A: Yes, announcements coming
Q: Do your planes HAVE to play that Dukes of Hazard-inspired jingle whenever they land on time?”
A: Looking at varying the on time arrival music. Better always to hear the fanfare than arrive late
Q: How can you justify the cattle mart that is boarding a Ryanair flight in Budapest?
A: Budapest not our best preboarding area, but we working with airport to try to improve it. Watch this space.
He also backtracked on a previous statement that overweight fliers should be charged more (“Have always opposed charging fat people more, and am also against giving skinny discounts”), and said Ryanair had no plans to introduce allocated seating, as low-cost rival EasyJet recently has, and said mobile boarding passes were being developed.
The stunt was the latest in a series of initiatives aimed at improving Ryanair's reputation regarding customer service.
Last week it placed a “suggestion form” on its website, encouraging fliers to tell it what changes they want to see.
Mr O'Leary added a note of explanation. “Over the past 29 years Ryanair has grown from carrying 200,000 to over 81 million customers annually,” he says. “But we want to keep improving our services, which is where you can help me. Please send me your suggestions as to how Ryanair can further improve our industry leading customer service. All suggestions will be gratefully acknowledged by me. I'm looking forward to hearing from you.”
He signed off playfully as “Da Boss” – alongside a smiley face emoticon.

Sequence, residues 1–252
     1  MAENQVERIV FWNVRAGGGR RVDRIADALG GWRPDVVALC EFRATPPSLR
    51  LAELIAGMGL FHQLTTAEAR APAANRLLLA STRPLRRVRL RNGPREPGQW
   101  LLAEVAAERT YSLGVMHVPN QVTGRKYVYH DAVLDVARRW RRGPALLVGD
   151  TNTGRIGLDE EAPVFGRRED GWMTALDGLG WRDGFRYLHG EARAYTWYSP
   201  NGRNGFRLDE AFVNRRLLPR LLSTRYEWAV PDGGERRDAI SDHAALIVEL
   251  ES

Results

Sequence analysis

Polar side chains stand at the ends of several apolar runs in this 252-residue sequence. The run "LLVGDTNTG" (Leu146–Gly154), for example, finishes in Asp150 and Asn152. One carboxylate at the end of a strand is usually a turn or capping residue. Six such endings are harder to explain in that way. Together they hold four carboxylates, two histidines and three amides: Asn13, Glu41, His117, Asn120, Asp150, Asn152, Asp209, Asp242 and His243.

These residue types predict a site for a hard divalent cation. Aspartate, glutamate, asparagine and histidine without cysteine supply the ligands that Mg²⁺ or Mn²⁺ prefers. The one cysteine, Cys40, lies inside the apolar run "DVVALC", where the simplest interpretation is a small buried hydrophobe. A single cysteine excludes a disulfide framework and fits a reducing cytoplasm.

It has also recently hired a new marketing manager, made its app free to download, and announced plans to redesign its website. Those changes came after Mr O'Leary told shareholders it should scrap its “macho” image and eliminate things that “unnecessarily p--- people off”.
The airline is regularly criticised for being slow to respond to customer complaints and for forcing passengers to opt-out of various offers – for extras such as car hire and travel insurance – when booking a flight. A study by London's Telegraph in July found that around 20 clicks of a mouse are required to get to the payment screen when booking with Ryanair – more than any other major carrier.
It has also been denounced for charging passengers high fees for hold luggage and in-flight food and drink, and huge amounts – up to £70 per person – if they forget to print their own boarding pass or if their hand luggage is overweight.
Traditionally, Mr O'Leary has been notoriously dismissive of customers who complain about the airline. Last year he described a British woman who was charged €300 ($425) after she forgot to print out five boarding passes on a flight from Alicante to Bristol as an “idiot”.
His other notable quotes include: “People say the customer is always right, but you know what - they're not. Sometimes they are wrong and they need to be told so” and “You're not getting a refund so **** off. We don't want to hear your sob stories. What part of 'no refund' don't you understand?”
The Telegraph, London